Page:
Distance: 12 km (7.5 miles)
The Freycinet Trail is 391 km from home in a little-known part of South Australia called Fitzgerald Bay. If you have heard of Fitzgerald Bay it may be because of the giant Australian cuttlefish – people travel from all over the world to experience the annual migration of these beautiful sea creatures.
The 12 km Freycinet Trail starts at the northern-most bush camp at Fitzgerald Bay and finishes at Point Lowly. The small bush camp has flushing toilets and running water – we camped here the night before. The road into the campsite is on your right just before the bitumen road runs out and you’ll see a wooden sign that says “bush camp”. Head down the narrow dirt road into the camp site, where you’ll find the beginning of the walk. There’s a sign showing a map of the trail and it also includes some background info. I took 2 photos of the map to help me with my walk and was glad I did. There are 15 interpretive signs along the trail, and I found these really useful to gauge how far along I was.
At the start of the trail you cross a tidal creek. Depending on the tide, you may be able to jump across it, or you may have to get your feet a wet. I’d packed a towel in my backpack to dry off my feet, but didn’t end up needing it.
The first 4 km is along the beach – on both sand and pebbles – and also on narrow dirt tracks. It’s for hikers only. The trail isn’t well defined in parts and I found myself going between the beach and up behind shacks intermittently – either way the beach is always on your left-hand side within sight so you’re not going to get lost. I did miss 1 or 2 of the interpretive signs because of this though.
After the first 4 km you’re walking on different terrain. You cross a stock grid and from here on you’re walking on the emergency coastal track. It’s a shared use track, so cars and bikes are also on this road. It’s very exposed to the sun and wind but the views are really spectacular. Drivers wouldn’t be expecting anyone to be walking on this road and may be travelling quite fast over the tops of the hills – on some parts of the road the side is high-up so you would have to scramble up out of the way. I only had 1 car pass me for this 8 km section of the trail.
There are several dirt tracks leading off of the left-hand side of the road and down towards the beach – these lead to camping and fishing spots. I followed a couple of these whilst keeping the emergency coastal track in sight still just to keep things interesting.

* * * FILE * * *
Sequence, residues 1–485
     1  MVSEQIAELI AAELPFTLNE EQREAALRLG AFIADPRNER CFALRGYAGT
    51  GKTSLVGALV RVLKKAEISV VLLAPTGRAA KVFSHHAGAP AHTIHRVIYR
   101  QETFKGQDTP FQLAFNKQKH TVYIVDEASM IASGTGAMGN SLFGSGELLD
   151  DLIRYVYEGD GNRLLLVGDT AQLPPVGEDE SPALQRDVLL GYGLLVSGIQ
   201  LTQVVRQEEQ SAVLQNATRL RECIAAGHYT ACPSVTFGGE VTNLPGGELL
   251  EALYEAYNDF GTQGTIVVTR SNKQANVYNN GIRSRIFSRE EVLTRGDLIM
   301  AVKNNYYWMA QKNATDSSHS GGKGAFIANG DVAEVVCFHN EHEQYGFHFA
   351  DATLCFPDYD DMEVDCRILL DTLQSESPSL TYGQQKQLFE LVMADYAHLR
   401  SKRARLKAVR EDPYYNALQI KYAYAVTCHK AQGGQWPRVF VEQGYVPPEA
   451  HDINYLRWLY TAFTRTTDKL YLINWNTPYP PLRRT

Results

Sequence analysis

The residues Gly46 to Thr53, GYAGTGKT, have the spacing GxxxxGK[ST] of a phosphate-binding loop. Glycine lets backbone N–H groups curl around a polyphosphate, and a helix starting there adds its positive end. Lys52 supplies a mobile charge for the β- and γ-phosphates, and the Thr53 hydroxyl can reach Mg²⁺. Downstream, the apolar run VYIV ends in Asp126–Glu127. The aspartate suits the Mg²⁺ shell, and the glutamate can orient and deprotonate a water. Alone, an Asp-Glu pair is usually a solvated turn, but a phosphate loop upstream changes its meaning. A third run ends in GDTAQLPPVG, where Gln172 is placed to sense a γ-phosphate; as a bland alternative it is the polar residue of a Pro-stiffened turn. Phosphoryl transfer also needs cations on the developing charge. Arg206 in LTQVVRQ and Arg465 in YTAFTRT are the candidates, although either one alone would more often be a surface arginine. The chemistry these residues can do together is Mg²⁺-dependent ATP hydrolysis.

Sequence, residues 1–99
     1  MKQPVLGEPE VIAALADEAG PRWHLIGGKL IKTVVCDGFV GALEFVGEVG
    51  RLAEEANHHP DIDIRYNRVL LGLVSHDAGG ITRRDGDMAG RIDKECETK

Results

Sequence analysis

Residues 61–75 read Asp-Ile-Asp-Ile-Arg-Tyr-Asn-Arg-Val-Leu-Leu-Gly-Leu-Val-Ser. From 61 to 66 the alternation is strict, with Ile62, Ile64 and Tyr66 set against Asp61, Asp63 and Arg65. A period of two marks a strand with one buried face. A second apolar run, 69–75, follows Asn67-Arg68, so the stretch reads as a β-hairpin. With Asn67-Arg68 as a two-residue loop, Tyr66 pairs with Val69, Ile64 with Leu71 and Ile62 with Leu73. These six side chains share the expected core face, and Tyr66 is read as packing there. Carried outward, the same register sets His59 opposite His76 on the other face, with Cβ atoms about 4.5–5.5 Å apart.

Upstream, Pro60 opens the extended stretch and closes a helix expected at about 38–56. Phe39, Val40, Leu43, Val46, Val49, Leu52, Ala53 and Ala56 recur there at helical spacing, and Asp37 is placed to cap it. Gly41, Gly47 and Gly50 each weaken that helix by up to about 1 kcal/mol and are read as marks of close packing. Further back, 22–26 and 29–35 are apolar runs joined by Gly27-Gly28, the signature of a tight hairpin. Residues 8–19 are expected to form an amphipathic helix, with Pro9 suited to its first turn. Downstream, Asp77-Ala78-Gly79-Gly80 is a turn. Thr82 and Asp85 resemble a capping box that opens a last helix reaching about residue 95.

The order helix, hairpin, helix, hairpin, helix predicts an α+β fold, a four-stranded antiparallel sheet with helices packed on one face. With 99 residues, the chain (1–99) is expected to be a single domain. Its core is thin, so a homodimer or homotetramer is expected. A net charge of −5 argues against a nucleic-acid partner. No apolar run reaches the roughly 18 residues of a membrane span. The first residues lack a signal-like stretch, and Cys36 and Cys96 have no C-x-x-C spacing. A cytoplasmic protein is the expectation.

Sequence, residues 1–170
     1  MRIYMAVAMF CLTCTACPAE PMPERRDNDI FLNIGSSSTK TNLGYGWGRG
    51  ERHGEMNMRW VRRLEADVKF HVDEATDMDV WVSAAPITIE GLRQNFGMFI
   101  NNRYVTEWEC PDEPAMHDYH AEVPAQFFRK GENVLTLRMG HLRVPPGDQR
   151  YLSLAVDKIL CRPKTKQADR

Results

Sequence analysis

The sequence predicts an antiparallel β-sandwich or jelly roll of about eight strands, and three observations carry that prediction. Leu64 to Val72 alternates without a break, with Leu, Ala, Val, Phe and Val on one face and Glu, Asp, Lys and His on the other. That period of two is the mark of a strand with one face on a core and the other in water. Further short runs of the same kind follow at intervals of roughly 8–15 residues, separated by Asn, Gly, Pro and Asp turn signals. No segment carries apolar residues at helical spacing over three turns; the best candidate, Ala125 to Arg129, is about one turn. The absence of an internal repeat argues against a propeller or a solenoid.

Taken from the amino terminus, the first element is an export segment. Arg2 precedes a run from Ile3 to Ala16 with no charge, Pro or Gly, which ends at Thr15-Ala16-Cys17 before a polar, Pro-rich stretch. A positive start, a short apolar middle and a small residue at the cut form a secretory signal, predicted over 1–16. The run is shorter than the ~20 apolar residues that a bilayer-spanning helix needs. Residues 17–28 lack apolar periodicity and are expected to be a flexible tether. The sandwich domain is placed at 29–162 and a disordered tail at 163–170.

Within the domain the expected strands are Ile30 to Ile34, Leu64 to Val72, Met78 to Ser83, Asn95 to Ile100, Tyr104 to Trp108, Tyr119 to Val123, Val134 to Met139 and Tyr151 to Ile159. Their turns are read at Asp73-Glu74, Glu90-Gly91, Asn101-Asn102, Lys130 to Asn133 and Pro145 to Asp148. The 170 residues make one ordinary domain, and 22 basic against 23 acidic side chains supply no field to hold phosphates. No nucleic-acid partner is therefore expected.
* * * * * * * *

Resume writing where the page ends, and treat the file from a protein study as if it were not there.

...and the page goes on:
Number 8 was my favourite interpretive sign. There’s a bench up high overlooking the ocean. I sat down and took a photo to send mum to let her know how far along I was. As I headed back onto the road and looked up I saw my first glimpse of the Pt Lowly Lighthouse. It was a tiny white speck in the distance but it helped give me focus and something to look forward to reaching at the end.
The Freycinet Trail follows the coastline for most of it’s 12km. There’s only one part of the trail that moves away from the coastline towards the end of the walk and it’s really obvious if you have a photo of the map to guide you.
After sign no. 9 you come to a junction – take the bitumen road on your left in towards Pt Lowly. It’s not a particularly pretty part of the walk but you know you’re nearly back amongst civilisation and the Lighthouse isn’t too far away.
When you get to the toilets and playground, turn left here and you’ll see a yellow metal post up ahead on your right. You’ll also see another interpretive sign not long after this on your left. This turn in the trail wasn’t really obvious to me from the map.
Follow this road around and the Pt Lowly lighthouse and it’s little white cottages will soon come into view. Nearly there – 2 more signs and you’re done!
This walk was a challenge for me because I was walking on my own, in unfamiliar territory and it felt remote and exposed in parts. There are hills to tackle once you’re on the emergency coastal track but for the most part it’s relatively flat. I had mobile phone coverage for most of the time.
Extreme care must be taken whilst driving on the roads here as there is a massive population of kangaroos and quite a few emus too. Getting to the bush camp involves driving on a narrow, unsealed, bumpy road.
The Freycinet Trail had been on my hiking list for quite a while. I hadn’t heard of anyone else walking it and had only come across it via the South Australia and Whyalla tourism websites. I’m hoping other hikers will discover my blog post and be inspired to give the trail a go. I loved doing it and it was such a unique hike to tackle solo compared to my local hikes in the Mt Lofty ranges.